Heavy-duty Market Shifts to Genuine Oils


Heavy-duty Market Shifts to Genuine Oils
Trucks on an interstate in Boise, Idaho. Global demand for heavy-duty motor oils shrank slightly over the past four years, but consumption of genuine heavy-duty oils rose during that period. ©David R. Frazier Photolibrary, Inc. / Alamy

Global demand for heavy-duty motor oils shrank slightly over the past four years, but consumption of genuine heavy-duty oils rose during that period and now accounts for 13 percent of the market, according to Kline & Co. consultancy.

During an April 24 webinar, the firm forecasted that the growth in genuine oil sales will accelerate the next five years and that they will account for 15 percent of volumes by 2023.

Global sales of commercial vehicles grew at a healthy cumulative average rate of 4.6 percent from 2014 through 2018, topping 45 million units in the latter year, Kline reported, though those numbers included light and medium-duty commercial vehicles, along with heavy-duty. Nevertheless, heavy-duty motor oil consumption declined a bit during those years, to roughly 8.5 million metric tons.

At the same time, demand of heavy-duty genuine oils – those branded by original equipment manufacturers – were growing at a compound annual rate of 2 percent, said David Tsui, project manager in Klines energy practice. Demand of genuine oils topped 1 million tons by last year, he added.

Asia-Pacific is the region with the highest overall lubricant demand and the largest consumer of heavy-duty oils, but it accounts for an out-sized portion of service-fill genuine heavy-duty oils – around 70 percent, or more than 700,000 tons in 2018. This amounted to 20 percent of Asia-Pacific’s heavy-duty oil demand. Klines research covered on- and off-highway commercial vehicles. Off-highway vehicle sales, which include sales in the agriculture and construction industries, accounted for approximately 14 percent of total sales last year. Off-highway genuine oil consumption, however, accounted for an estimated 25 percent of genuine oil consumption this past year, meaning penetration of genuine oils was higher in that segment, driven by strong brands such as John Deere and Caterpillar, said Tsui.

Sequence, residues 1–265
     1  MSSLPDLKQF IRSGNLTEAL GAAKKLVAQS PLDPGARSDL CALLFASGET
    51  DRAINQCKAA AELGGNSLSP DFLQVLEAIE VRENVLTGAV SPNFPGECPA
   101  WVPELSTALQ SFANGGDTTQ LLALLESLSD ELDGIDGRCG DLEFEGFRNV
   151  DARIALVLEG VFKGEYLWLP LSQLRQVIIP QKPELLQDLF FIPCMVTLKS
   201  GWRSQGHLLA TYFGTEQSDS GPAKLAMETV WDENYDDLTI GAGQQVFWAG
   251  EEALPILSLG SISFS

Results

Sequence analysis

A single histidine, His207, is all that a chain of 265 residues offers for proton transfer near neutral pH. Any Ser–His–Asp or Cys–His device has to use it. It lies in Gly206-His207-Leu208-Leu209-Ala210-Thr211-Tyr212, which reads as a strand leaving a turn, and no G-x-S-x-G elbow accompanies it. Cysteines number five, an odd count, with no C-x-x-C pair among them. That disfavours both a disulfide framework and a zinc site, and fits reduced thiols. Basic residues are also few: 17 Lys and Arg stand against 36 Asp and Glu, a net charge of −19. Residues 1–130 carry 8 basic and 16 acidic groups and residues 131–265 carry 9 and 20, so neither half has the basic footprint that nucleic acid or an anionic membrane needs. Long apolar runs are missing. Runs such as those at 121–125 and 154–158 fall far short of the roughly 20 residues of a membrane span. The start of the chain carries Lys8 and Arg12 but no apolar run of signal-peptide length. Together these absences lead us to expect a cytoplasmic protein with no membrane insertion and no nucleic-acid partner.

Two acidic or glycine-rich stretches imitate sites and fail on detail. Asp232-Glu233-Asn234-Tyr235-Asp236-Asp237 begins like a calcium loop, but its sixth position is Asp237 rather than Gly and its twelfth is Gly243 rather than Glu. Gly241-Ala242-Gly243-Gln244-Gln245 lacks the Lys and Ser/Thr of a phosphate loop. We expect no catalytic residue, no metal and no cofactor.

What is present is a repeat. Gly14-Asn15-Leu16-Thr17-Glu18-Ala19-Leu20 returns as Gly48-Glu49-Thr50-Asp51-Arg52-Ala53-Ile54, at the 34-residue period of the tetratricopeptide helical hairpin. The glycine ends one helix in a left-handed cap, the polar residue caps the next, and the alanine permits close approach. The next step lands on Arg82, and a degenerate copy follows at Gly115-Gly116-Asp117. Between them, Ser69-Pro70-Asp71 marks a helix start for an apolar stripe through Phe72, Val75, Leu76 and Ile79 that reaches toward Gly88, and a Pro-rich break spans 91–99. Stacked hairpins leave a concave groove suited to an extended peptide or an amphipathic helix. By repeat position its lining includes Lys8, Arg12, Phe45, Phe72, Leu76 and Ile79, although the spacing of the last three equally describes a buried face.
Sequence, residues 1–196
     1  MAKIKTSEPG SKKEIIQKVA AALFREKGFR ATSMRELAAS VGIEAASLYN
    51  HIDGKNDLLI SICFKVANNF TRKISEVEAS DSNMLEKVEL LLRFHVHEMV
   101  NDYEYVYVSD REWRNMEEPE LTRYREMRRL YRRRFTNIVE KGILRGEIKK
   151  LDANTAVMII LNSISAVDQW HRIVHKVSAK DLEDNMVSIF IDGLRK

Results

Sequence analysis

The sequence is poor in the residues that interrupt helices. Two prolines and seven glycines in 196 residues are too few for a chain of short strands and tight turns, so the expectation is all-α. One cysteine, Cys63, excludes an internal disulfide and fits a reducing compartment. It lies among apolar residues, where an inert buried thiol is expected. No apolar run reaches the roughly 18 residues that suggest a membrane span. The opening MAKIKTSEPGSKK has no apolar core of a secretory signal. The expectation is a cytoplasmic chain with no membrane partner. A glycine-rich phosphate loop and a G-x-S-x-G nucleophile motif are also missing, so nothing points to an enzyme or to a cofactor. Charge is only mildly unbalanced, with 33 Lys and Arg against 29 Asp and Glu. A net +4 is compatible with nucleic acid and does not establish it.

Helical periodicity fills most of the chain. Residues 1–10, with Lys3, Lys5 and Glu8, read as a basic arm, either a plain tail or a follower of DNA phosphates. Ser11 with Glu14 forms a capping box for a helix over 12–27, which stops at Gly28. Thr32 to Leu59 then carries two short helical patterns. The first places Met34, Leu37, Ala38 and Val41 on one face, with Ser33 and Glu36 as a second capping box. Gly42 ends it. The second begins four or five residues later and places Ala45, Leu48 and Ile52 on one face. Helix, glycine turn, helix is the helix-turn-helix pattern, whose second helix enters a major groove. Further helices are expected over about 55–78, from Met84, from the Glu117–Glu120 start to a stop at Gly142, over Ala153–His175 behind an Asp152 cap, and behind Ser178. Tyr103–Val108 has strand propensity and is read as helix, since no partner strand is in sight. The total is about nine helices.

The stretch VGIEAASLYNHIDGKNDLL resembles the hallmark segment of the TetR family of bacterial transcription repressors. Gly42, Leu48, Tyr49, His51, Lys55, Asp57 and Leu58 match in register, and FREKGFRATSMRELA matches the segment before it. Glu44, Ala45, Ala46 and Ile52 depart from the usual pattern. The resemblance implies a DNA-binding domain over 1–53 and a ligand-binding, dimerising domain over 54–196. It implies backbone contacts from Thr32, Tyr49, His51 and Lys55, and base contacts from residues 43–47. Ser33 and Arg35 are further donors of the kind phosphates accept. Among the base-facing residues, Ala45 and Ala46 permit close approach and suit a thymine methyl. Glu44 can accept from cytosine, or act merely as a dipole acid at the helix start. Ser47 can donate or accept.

Tata Motors, John Deere and Mahindra & Mahindra had the most demand for their genuine oils among OEMs, followed by FAW – a Chinese state-owned automaker – Daimler, Foton, VECV (Eicher), Jinlong and Isuzu. The vast majority of demand was accounted for by all other OEMs.

Growth in new vehicle sales will have the biggest influence on genuine oil growth. As new emissions regulations roll in, consumers and fleets are more likely to pre-order newer vehicles before the regulations take effect and raise the price of vehicles, Tsui said, a positive for genuine oil growth.

E-commerce, which demands more shipping and logistics to support it, will bring about increased Class 8 truck sales, another net gain for growth in genuine oils on the heavy-duty side.

Increased emphasis from OEMs on extended service contracts and warranties, while not a new concept, encourage genuine oil use with compensated repairs and maintenance. Customers are more likely to take advantage of free labor service and parts, but will still have to pay for the genuine oil cost if they get their oil changed by the OEM authorized workshop.

Co-branding, where an OEM will partner with big lubricant brands to create new oil products, is more prevalent in the heavy duty genuine oil market than in the consumer genuine oilmarket. OEMs are really leveraging these big name brands to build their own brand equity, said Tsui.

“OEMs prefer genuine oils because they can provide better protection for their equipment, such as emissions systems. Each OEM is going to pick their own particular combination of [diesel particulate] filters and [selective catalytic reduction],” said Tsui. “But with exhaust after-treatment systems, sometimes the oil will have to be tailored for their particular choice of systems.”

Each manufacturer has special needs for their engines as well. Some engines may be more prone to wear or scuffing, said Tsui. Knowing the strengths and weaknesses of a particular engine design can help a lubricant marketer design an oil for that OEM to help better protect the engine.

Genuine oils also help OEMs tout a lower cost of ownership for vehicle owners if their products can keep the cost of maintenance and repairs down over the vehicles lifetime. “It certainly helps OEMs sell vehicles and maintain a good brand reputation,” said Tsui.

Genuine oils also provide an alternative revenue source for OEMs, he said, helping to balance out vehicle sales which tend to fluctuate.